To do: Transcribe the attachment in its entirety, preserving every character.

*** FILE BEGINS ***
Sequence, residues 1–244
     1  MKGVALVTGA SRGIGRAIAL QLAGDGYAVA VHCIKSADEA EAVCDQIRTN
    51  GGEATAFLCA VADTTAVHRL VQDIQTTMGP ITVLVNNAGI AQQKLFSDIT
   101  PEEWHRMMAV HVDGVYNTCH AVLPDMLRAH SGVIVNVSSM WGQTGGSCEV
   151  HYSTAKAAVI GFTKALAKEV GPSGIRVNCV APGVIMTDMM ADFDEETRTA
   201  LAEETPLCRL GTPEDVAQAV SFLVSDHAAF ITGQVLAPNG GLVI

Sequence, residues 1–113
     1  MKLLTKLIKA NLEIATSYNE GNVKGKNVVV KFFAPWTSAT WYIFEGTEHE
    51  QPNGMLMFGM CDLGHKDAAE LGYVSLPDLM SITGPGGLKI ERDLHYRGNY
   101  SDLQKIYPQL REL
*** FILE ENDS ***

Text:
Sequence, residues 1–244
     1  MKGVALVTGA SRGIGRAIAL QLAGDGYAVA VHCIKSADEA EAVCDQIRTN
    51  GGEATAFLCA VADTTAVHRL VQDIQTTMGP ITVLVNNAGI AQQKLFSDIT
   101  PEEWHRMMAV HVDGVYNTCH AVLPDMLRAH SGVIVNVSSM WGQTGGSCEV
   151  HYSTAKAAVI GFTKALAKEV GPSGIRVNCV APGVIMTDMM ADFDEETRTA
   201  LAEETPLCRL GTPEDVAQAV SFLVSDHAAF ITGQVLAPNG GLVI

Sequence, residues 1–113
     1  MKLLTKLIKA NLEIATSYNE GNVKGKNVVV KFFAPWTSAT WYIFEGTEHE
    51  QPNGMLMFGM CDLGHKDAAE LGYVSLPDLM SITGPGGLKI ERDLHYRGNY
   101  SDLQKIYPQL REL